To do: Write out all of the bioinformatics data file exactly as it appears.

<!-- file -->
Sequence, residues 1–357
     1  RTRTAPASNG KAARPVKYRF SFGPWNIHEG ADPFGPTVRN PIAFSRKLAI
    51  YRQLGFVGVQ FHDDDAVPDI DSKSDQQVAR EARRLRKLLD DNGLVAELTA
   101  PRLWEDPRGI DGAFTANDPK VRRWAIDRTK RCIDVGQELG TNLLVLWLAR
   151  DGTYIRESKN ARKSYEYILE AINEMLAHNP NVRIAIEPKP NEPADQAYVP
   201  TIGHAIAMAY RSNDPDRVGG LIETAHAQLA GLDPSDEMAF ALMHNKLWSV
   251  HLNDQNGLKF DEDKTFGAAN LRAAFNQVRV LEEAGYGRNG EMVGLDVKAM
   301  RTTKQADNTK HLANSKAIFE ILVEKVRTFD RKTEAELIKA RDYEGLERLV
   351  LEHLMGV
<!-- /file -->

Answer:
Sequence, residues 1–357
     1  RTRTAPASNG KAARPVKYRF SFGPWNIHEG ADPFGPTVRN PIAFSRKLAI
    51  YRQLGFVGVQ FHDDDAVPDI DSKSDQQVAR EARRLRKLLD DNGLVAELTA
   101  PRLWEDPRGI DGAFTANDPK VRRWAIDRTK RCIDVGQELG TNLLVLWLAR
   151  DGTYIRESKN ARKSYEYILE AINEMLAHNP NVRIAIEPKP NEPADQAYVP
   201  TIGHAIAMAY RSNDPDRVGG LIETAHAQLA GLDPSDEMAF ALMHNKLWSV
   251  HLNDQNGLKF DEDKTFGAAN LRAAFNQVRV LEEAGYGRNG EMVGLDVKAM
   301  RTTKQADNTK HLANSKAIFE ILVEKVRTFD RKTEAELIKA RDYEGLERLV
   351  LEHLMGV